J&L – 25 Years and Counting As A Leading Workers Comp Consultant Company
We added services as the market requested it such as premium audit services, general consulting, blog reporting, expert witness services, and Mod audits, actuarial services, and forecasting to name a few.
I had forgotten the anniversary this past March due to being in the middle of the coronavirus pandemic. Talking with so many business associates I became amazed at how many now want to strike out on their own and start a business across their kitchen table as I did in 1996.
Top 10 Lessons Learned In A Workers Comp Consultant Company
The Top 10 below lessons that I have learned with a Workers Comp consultant company. The first five are general. The second five are workers comp centric.
- You are not the same as your last job. People, governmental organizations, and companies that you have worked with in your last job may not be the customers that you had counted on for business when you started your company. This lesson becomes a shocker for many people that tends to make them not stay a consultant for very long.
- The first five years are rough. Making an appointment with a prospect and then having them not make the appointment and not return your calls or emails. Balancing family time and work time can be a very tedious task. If you can make it five years, most businesses will survive in one form or another.
- The first year comes off as horrible. Often, your first year has little business generated while you must afford to live and market on a shoestring. Keeping your head up the first year is very critical. You will be told no so many times that most people go back to a regular salary-based job.
- One of the most important – do not think you have failed if you go back to a salary-based job as an employee. You made the choice to not own and run your own business. I tried to start my own business while working at night and then would go into my regular job during the day three or four times in the 1980s and 1990s. My heart said go for it with the Workers Comp Consultant company. My brain said – the bills do not stop, you have more personal bills and now business bills.<<super-critical point.
- The #1 expense that new businesses experience which can easily cause failure – hiring employees too early. I heard this warning in a public relations seminar that I attended with the local Chamber of Commerce. The presenter said that she had made the same mistake and then cut her staff down to four people from over 20. Could having many employees count as a status symbol? – Possibly.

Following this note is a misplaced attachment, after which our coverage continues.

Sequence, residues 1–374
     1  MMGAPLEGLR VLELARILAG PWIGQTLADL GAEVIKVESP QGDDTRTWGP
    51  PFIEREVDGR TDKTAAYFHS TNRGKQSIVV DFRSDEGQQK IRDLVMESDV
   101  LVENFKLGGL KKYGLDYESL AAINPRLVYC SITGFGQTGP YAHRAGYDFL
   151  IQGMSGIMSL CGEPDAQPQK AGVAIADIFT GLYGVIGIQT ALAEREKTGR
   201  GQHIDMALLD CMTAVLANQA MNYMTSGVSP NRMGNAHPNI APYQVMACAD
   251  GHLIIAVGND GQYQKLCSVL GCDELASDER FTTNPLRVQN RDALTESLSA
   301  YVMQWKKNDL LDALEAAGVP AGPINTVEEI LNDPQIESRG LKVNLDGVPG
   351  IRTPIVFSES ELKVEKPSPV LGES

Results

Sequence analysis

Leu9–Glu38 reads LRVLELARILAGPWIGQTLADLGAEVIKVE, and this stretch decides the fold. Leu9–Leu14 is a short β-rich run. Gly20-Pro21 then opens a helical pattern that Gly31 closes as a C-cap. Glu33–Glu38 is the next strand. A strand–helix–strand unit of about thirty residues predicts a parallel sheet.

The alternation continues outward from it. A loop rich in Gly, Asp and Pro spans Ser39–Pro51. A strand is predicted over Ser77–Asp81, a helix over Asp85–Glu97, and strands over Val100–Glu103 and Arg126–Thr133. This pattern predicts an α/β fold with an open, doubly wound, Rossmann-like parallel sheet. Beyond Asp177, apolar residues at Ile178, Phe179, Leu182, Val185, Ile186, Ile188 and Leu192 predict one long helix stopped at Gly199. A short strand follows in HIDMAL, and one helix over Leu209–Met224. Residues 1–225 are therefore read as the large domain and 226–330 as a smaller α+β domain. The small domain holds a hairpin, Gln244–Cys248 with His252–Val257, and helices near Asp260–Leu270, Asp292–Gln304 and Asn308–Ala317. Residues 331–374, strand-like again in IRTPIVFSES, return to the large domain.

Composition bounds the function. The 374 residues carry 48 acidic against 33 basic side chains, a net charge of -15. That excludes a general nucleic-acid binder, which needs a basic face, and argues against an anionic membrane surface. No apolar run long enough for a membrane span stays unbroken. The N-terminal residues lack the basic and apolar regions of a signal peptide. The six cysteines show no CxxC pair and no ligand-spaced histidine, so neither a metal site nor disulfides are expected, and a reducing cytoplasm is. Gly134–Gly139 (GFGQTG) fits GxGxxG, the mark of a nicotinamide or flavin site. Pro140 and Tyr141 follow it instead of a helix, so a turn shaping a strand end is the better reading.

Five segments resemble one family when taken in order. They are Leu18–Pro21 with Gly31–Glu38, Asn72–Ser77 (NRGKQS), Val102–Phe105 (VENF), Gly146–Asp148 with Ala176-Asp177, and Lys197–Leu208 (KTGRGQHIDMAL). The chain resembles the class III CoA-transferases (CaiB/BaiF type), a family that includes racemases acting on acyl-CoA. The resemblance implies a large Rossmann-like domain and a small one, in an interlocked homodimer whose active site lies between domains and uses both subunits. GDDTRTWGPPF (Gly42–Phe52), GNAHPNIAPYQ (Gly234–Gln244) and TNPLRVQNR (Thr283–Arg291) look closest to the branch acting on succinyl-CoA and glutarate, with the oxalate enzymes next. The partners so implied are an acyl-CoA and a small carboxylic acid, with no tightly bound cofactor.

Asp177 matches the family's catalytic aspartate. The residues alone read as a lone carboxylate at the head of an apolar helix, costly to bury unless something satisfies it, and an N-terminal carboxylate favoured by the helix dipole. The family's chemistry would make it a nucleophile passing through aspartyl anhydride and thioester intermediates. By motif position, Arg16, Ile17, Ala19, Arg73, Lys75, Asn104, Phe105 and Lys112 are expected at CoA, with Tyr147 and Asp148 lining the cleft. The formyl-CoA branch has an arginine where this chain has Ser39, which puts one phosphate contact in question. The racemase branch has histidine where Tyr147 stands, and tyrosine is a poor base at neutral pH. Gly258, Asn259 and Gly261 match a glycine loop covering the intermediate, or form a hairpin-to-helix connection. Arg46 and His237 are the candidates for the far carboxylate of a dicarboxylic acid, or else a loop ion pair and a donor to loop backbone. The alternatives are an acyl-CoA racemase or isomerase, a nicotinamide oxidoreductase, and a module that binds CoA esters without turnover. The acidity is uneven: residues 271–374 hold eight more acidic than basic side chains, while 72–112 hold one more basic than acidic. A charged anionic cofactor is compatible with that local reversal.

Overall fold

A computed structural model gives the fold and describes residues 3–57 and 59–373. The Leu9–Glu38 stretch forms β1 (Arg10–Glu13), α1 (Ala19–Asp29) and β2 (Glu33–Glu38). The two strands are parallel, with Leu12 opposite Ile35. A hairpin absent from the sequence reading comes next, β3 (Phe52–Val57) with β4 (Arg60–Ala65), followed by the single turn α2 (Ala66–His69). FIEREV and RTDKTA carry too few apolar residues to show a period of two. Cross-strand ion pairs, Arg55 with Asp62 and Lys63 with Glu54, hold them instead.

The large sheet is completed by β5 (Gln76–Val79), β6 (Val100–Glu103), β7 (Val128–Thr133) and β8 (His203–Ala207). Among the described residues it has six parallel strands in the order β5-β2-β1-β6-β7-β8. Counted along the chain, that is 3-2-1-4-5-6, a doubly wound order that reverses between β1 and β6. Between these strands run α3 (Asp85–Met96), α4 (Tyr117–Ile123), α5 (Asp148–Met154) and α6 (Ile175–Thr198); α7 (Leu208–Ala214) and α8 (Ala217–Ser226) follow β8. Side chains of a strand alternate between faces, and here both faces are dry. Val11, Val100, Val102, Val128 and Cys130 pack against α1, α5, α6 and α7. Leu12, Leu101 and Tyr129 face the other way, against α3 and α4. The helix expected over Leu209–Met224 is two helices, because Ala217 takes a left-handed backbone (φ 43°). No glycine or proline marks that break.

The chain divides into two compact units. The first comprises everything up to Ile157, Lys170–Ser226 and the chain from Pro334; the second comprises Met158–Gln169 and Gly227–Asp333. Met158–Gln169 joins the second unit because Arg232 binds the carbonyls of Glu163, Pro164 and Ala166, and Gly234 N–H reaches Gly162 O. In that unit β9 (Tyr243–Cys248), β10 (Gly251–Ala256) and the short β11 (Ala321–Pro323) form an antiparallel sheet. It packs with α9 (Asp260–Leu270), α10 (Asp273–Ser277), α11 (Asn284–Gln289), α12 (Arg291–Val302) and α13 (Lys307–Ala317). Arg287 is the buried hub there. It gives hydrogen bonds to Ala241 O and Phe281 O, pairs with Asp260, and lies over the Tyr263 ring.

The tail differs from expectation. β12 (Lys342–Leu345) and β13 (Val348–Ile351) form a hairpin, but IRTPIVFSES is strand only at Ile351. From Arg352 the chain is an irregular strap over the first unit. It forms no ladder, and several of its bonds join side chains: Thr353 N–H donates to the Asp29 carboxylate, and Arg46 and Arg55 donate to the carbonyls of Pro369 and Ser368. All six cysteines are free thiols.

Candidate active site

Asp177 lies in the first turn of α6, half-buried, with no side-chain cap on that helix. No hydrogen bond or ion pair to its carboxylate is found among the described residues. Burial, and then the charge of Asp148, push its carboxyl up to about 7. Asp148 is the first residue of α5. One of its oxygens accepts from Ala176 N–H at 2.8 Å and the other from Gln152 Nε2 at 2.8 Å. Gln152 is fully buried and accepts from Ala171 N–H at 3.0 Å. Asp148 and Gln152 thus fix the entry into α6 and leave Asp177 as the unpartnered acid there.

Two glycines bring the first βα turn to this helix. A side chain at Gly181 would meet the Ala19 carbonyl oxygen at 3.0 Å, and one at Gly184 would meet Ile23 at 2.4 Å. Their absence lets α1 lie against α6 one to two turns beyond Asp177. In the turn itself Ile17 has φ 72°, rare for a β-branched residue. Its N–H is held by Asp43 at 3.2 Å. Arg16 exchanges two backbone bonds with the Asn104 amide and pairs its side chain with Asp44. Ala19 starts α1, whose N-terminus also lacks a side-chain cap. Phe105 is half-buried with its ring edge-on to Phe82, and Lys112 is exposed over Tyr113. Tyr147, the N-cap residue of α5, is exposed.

- Watch the minimum number of employees that causes Workers Comp insurance requirement. In some states it is one employee! Can a new employer afford a $500 a day fine? Of course not
- Workers’ Compensation has not changed that much in over 20 years. Many buzzwords and trends have been recycled over the years. Working across states lines can pose some difficulties, but workers’ compensation has the same variables and procedures.
- Blogging remains a requirement in this industry. Websites are even more of a requirement. Google, Bing, and other search engines do not rank you in the search results because you have a spiffy website. Content is king and queen in almost any industry. Blogging must be in your blood to write a 900-word article such as this one you are reading now.
- Right now – Workers Comp sits on the back burner of the stove. The pandemic caused a large amount of governmental action. Most businesses try to survive daily by having remote employees and all the other benefits. The Affordable Care Act caused businesses to do the same thing to Workers Comp in 2010 – 2016.
- Keep educating yourself in insurance subjects even when you do not have enough time to add on a designation or degree. Reading workers’ comp publications each morning or night and heavily on the weekends keeps you abreast of the current developments. I read approximately 20 publications to see the trends in this industry. Many are free if you will sign up for their newsletter. Some bloggers think they are gurus – be aware of what you read in insurance blogs.
- Bonus – Watch out for the SFNs. Yes, the Something For Nothings. Like any type of consultant, your product equals your available time. Many SFNs think that you can give them free advice. We receive calls almost every day from someone “just wanting some advice.” You will develop a sense of the difference between a prospect, potential buyer of your services, and someone just wants you to work as a free consultant. You must develop those screening skills very quickly to survive.
This list could go on for 50 more suggestions. Do not take these as “stamped in cement.”
One huge advantage that you have if you are a sole proprietor or very small business consultant comes from being able to change your business to fit the market very quickly. Do not try to make the market fit your business.
With the pandemic, if you have decided to start your own Workers Comp consultant company or as any insurance consultant, or any type of consultant – do not give up the ship too quickly. Good luck.
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